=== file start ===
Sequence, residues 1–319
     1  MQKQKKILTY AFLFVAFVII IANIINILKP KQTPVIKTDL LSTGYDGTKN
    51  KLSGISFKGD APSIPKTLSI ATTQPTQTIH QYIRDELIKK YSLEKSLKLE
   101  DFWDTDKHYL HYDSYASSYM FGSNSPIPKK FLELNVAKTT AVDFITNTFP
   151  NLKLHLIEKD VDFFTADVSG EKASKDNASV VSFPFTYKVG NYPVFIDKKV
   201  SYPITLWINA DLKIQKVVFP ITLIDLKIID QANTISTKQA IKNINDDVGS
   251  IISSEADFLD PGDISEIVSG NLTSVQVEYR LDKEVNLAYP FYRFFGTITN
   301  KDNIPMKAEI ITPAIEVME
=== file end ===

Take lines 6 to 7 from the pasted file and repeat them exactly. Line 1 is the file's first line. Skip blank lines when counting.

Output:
   201  SYPITLWINA DLKIQKVVFP ITLIDLKIID QANTISTKQA IKNINDDVGS
   251  IISSEADFLD PGDISEIVSG NLTSVQVEYR LDKEVNLAYP FYRFFGTITN